SimpleFeed CEO Mark Carlson and Alik Eliashberg, executive VP and CTO, were quick to commercialize RSS, launching the company's marketing service in January 2005--about the same time RSS began moving beyond being a toy for Web geeks and into the mass market. The company bills its service as being better than E-mail, Web sites, and even face-to-face meetings for communicating with clients.
SimpleFeed lets people select and subscribe to topics of interest--such as product updates and company news--from companies they do business with. SimpleFeed bills its service as a way to up-sell, cross-sell, and draw in new customers, all based on the premise that clients are more likely to buy if you give them what they want and cut out the noise.
The strategy is to offer services and features that make RSS feeds more effective and measurable. SimpleFeed provides analytics by publishing every feed through a URL that's unique to each client. This lets companies measure their subscribers, assess the content each one is viewing, and determine if they're choosing some RSS feeds over others.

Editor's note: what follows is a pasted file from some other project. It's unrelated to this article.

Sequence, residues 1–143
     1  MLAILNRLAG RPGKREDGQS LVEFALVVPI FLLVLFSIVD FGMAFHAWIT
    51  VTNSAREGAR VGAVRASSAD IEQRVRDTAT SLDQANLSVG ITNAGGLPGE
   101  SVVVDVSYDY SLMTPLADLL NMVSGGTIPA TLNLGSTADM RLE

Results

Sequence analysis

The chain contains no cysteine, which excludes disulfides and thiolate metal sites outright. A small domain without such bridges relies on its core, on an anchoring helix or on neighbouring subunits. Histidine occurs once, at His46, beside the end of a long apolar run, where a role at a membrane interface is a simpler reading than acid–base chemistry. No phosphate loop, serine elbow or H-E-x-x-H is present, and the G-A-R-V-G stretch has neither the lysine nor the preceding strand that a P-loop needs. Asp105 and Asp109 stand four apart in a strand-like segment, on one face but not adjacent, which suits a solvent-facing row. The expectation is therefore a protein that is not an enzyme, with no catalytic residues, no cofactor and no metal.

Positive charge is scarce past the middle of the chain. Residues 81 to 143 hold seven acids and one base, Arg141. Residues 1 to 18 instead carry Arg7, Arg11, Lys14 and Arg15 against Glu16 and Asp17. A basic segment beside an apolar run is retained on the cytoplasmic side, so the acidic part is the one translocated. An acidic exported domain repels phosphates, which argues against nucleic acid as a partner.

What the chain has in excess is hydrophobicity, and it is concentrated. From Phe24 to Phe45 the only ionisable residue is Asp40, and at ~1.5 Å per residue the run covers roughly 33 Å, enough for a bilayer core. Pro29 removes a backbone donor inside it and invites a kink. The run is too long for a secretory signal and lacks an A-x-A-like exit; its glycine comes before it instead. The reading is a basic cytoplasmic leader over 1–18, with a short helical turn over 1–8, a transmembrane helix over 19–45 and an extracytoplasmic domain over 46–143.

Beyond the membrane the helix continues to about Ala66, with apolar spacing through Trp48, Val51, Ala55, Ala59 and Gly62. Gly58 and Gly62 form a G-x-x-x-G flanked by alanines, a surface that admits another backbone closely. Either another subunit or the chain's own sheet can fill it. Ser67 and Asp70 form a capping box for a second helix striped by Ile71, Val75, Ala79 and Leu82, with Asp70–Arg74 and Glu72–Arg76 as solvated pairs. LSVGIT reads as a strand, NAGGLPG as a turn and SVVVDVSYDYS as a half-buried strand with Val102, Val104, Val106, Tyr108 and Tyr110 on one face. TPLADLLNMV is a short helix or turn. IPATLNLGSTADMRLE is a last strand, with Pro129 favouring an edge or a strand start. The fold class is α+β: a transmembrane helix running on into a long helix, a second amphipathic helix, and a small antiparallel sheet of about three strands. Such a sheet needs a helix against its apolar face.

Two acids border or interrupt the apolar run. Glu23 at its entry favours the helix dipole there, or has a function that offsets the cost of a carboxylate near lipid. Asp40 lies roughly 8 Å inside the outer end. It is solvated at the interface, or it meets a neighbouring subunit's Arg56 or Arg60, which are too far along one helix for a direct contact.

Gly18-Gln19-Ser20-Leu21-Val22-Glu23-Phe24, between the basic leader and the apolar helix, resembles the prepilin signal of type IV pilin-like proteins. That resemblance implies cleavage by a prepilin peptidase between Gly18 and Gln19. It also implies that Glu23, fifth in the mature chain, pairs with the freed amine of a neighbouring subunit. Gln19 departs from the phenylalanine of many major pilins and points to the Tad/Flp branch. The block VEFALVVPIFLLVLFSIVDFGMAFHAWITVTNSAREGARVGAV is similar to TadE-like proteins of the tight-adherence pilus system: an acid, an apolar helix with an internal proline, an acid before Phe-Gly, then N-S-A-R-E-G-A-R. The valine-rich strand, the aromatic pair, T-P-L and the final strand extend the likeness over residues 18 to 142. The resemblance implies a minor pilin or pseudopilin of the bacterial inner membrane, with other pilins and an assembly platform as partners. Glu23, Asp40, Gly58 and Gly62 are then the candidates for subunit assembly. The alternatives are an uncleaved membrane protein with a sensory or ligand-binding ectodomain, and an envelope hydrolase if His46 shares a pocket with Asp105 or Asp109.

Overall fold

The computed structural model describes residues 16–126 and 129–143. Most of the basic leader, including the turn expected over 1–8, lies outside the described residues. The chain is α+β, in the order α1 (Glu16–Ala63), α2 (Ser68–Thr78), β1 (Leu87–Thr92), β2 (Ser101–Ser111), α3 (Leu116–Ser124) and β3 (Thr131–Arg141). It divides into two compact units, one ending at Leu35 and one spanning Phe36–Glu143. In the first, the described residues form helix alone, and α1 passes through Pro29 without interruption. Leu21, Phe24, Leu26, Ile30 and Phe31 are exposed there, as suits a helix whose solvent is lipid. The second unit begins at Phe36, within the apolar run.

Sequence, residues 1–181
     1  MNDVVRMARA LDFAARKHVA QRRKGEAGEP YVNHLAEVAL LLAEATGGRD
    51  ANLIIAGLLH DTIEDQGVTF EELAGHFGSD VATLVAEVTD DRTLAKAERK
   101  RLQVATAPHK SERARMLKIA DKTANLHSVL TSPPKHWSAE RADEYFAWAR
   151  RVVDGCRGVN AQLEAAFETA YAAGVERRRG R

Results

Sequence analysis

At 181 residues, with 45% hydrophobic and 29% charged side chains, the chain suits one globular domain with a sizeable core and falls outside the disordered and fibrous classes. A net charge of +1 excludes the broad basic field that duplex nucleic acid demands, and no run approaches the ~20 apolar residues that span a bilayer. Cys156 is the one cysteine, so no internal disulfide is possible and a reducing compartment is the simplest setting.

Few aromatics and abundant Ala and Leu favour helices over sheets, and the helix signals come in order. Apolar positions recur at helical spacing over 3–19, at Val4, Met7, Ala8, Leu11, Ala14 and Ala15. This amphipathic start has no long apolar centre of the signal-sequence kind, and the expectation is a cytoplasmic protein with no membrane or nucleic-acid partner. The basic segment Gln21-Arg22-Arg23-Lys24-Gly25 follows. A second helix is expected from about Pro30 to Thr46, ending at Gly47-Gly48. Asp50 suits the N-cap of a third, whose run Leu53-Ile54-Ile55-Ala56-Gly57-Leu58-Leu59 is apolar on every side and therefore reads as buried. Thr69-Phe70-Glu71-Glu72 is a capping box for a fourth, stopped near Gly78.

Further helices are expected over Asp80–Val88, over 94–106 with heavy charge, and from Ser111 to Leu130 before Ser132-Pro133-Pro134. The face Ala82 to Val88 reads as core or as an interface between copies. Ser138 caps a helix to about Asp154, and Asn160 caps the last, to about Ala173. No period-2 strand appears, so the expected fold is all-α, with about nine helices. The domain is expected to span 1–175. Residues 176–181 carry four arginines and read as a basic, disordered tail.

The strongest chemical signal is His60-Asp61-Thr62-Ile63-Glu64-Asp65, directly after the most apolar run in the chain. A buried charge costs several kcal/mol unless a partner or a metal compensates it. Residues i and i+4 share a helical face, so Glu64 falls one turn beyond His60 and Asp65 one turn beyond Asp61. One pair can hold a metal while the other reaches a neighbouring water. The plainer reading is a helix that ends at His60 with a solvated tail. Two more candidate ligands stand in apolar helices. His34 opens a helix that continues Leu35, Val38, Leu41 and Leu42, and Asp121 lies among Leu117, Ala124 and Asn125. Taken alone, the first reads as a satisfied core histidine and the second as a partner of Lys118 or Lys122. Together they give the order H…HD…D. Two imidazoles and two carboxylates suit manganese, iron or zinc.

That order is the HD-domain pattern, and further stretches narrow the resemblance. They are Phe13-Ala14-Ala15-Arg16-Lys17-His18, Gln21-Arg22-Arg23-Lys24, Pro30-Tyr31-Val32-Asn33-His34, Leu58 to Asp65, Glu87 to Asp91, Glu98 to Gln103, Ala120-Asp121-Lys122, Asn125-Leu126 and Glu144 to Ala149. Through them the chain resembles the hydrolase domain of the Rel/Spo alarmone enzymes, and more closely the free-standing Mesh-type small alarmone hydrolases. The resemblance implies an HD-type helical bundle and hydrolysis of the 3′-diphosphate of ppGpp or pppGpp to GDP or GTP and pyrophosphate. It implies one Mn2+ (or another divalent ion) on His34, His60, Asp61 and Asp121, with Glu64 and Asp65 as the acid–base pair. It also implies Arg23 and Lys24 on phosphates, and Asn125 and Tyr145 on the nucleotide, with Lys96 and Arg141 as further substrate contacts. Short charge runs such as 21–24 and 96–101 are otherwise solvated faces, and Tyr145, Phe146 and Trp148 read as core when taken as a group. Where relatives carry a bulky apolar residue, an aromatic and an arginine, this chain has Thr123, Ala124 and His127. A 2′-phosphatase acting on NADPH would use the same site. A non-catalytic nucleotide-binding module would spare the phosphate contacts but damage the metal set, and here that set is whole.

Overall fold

SimpleFeed's plan is to expand beyond its wins with tech companies--Intuit and VMware are among its customers--and into industries such as E-commerce and financial services. "We're moving from a geek technology that only 12% of the world uses to where 40% of the world will start using RSS within the next few years," Carlson predicts.
In February, SimpleFeed introduced a security feature that adds user name and password requirements to RSS feeds, a prerequisite if financial companies are going to get on board. Another new feature makes it easy for a company to import content from a Web page directly into an RSS feed.
As businesses make greater use of RSS, SimpleFeed's challenge is to offer services and features that those businesses don't have the resources to manage themselves.